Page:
Senator Hillary Clinton and Senator John McCain proved victorious as the polls closed in Florida, on January 29. Clinton led the Democratic candidates winning 42 percent of the votes. Senator Barack Obama secured 33 percent of the votes. Edwards followed third with 13 percent of the votes.
McCain secured the win in the Republican primary by a narrow margin with 36 percent of the votes, edging out, Mitt Romney, who earned 31 percent. Rudolph Giuliani followed third with 14 percent of the votes. Mike Huckabee had 13 percent.
The Florida Primary represented a significant moment for the Republican Party. McCain arguably emerged as the leading Republican candidate. To date, McCain has 95 pledged delegates at the National Republican Convention and has secured 89.
Florida’s primary also resulted in a significant change to the race. Democratic candidate John Edwards and Republican candidate Rudolph Giuliani withdrew from the race in the aftermath of this week’s primary. Shortly after conceding his presidential run, Giuliani offered his strong endorsement of McCain. McCain’s victory speech in Florida addressed Giuliani specifically; “And I want to thank, my dear friend, Rudy Giuliani, who invested his heart and soul in this primary, and who conducted himself with all the qualities of the exceptional American leader he truly is.”
Edwards has not officially endorsed either Clinton or Obama. Instead, he addressed the future of both candidates; “They have both pledged to me — and more importantly, through me to America — that they will make ending poverty central to their campaign for the presidency,” said Edwards as reported by the New York Times.
Some in Washington consider the end to his campaign abrupt. As the self-proclaimed “populist” candidate, Edwards found himself quickly overshadowed by two Democratic candidates who defied historical precedent. Edwards said, “It’s time for me to step aside so that history can — so that history can blaze its path,”
As the field narrows, competition heats up for the remaining candidates. The Democratic race remains remarkably close as primary season continues. It is likely too soon to determine who will earn the Democratic nomination. Senator Obama has 63 pledged National delegates and has secured 34; Senator Clinton has 48 pledged delegates and has secured 21.The Democratic campaigns have become increasingly personal in recent weeks. During the South Carolina debates that took place January 21, both candidates let accusations fly. In one pointed statement, Clinton said, “You know, Senator Obama, it is very difficult having a straight-up debate with you, because you never take responsibility for any vote, and that has been a pattern.” Obama responded with a statement against Clinton’s brand of “negative politics” as summarized by the New York Times.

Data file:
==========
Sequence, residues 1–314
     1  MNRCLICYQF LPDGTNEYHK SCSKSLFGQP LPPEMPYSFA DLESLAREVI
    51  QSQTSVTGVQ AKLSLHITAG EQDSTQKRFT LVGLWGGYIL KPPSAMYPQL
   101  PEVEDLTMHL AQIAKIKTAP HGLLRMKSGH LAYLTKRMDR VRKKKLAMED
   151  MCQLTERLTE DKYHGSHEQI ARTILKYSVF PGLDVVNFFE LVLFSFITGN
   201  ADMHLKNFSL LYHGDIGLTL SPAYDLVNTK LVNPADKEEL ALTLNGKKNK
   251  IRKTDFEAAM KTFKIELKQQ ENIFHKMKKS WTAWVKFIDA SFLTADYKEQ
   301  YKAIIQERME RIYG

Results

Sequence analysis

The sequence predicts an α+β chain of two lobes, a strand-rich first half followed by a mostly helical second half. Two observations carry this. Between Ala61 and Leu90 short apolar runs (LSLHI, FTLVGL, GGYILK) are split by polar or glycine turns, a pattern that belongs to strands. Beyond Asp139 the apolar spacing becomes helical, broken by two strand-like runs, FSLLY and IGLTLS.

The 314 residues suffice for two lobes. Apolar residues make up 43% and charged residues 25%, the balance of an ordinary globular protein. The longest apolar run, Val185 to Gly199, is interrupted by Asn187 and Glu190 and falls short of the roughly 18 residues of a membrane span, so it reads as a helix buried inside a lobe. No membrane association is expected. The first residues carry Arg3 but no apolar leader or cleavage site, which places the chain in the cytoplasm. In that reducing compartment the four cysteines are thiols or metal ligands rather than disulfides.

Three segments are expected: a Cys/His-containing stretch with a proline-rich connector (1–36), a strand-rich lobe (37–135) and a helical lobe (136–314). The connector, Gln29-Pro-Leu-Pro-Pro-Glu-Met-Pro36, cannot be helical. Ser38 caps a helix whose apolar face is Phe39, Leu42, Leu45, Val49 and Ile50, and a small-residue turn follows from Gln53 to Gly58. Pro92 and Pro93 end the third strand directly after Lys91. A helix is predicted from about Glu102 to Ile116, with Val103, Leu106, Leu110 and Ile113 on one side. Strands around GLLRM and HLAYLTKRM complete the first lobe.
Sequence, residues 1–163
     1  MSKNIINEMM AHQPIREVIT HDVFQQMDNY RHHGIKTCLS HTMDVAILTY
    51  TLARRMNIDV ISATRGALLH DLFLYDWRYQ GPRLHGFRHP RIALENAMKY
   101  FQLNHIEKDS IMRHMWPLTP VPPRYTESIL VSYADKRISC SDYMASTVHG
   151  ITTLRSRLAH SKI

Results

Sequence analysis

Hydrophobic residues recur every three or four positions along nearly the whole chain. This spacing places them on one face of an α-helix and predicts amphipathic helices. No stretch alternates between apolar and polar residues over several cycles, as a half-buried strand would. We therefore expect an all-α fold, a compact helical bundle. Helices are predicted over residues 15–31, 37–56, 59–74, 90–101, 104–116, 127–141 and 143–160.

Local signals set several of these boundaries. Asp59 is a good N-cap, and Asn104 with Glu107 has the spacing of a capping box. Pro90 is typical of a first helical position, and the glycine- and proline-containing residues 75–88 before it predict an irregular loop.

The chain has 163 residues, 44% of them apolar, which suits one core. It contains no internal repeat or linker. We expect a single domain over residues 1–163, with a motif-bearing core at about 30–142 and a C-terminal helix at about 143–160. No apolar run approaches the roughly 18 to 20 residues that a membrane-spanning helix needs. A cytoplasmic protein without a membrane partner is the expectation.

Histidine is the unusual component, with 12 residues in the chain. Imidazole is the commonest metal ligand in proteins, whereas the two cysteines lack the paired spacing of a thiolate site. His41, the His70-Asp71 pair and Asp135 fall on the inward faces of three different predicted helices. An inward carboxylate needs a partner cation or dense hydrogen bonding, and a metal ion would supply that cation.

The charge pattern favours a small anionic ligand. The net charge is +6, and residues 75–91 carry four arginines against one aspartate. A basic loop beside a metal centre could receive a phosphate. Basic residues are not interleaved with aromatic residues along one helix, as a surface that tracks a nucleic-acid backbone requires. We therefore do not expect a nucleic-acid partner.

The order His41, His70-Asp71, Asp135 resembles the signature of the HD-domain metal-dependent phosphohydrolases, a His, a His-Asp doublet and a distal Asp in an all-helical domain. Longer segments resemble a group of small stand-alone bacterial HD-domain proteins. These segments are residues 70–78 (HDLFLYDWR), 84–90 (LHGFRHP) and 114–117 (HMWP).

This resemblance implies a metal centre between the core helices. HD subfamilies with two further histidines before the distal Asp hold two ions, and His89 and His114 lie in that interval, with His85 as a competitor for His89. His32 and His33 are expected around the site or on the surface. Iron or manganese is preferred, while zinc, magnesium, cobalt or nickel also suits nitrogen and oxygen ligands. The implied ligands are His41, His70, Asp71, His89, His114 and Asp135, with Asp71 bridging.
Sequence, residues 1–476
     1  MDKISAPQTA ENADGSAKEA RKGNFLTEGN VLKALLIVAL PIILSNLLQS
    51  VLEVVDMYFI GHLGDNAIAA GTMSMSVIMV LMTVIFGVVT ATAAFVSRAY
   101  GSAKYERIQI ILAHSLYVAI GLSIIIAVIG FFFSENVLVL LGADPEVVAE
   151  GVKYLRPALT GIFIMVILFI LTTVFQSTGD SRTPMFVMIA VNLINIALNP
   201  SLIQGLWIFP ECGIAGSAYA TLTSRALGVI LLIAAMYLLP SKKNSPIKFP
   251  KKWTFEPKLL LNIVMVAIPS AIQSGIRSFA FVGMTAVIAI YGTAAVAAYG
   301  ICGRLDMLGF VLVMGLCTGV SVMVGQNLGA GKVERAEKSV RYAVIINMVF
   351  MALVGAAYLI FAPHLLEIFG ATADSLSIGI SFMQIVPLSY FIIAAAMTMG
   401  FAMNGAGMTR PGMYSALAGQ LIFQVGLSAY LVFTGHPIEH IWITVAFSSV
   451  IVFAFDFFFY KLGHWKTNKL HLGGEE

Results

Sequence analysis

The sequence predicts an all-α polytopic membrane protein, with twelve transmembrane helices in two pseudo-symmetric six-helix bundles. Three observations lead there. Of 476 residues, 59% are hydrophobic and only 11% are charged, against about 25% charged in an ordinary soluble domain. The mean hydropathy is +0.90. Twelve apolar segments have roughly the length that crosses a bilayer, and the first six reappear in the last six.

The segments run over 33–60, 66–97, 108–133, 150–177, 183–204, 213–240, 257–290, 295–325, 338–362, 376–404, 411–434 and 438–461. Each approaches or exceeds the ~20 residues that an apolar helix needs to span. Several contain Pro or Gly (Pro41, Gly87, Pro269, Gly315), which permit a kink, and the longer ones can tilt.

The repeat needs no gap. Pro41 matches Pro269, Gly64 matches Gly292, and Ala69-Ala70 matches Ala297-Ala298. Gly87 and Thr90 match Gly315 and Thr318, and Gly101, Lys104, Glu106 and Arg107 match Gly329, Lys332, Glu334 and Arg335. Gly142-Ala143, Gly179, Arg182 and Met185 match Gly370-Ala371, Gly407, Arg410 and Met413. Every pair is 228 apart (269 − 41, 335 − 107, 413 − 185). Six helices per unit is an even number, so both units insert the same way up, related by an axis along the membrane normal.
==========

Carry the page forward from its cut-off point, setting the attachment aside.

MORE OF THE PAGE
Today, the Associated Press covered Obama’s appearance in Denver in which he bluntly claimed Clinton would be a “step back” for the country. “I know it is tempting, after another presidency by a man named George Bush, to simply turn back the clock, and to build a bridge back to the 20th century.”
The Washington Post reported Clinton’s quick response; “That certainly sounds audacious, but not hopeful,” in a statement that twists the title of Obama’s autobiography, “The Audacity of Hope.”
Republican candidates McCain and Romney endured a similarly tense undertone in Wednesday’s debates that took place at the Reagan Presidential Library. Considered the Republican frontrunners, McCain and Romney dominated the beginning half of the debate—seeking momentum in preparation for Super Tuesday. The candidates sought to undermine one another’s credentials, and issues of consistency and honesty surfaced as the harshest criticisms of McCain and Romney’s political careers. In terms of who “won” the debate, CNN political analyst Bill Schneider concluded that it was Huckabee who had the best performance of the night and that both McCain and Romney successfully and unsuccessfully defended themselves against criticism.
Candidates now turn their attention towards California—a state of essential importance to a successful presidential campaign—and Super Tuesday. California Governor Arnold Schwarzenegger already offered his endorsement of McCain; Schwarzenegger called McCain a “great American hero and an extraordinary leader.”
Notably, Senator Ted Kennedy of Massachusetts and Caroline Kennedy have offered their endorsements to Obama. Ms. Kennedy submitted an Op-Ed piece “A President Like My Father” to the New York Times, published January 27 in which she compares Obama to her father; “I have never had a president who inspired me the way people tell me that my father inspired them. But for the first time, I believe I have found the man who could be that president — not just for me, but for a new generation of Americans.”
Overall, the campaigns have remained inconclusive to this point. The voters of the United States will provide more answers for the candidates as the polls open on Super Tuesday, February 5, 2008.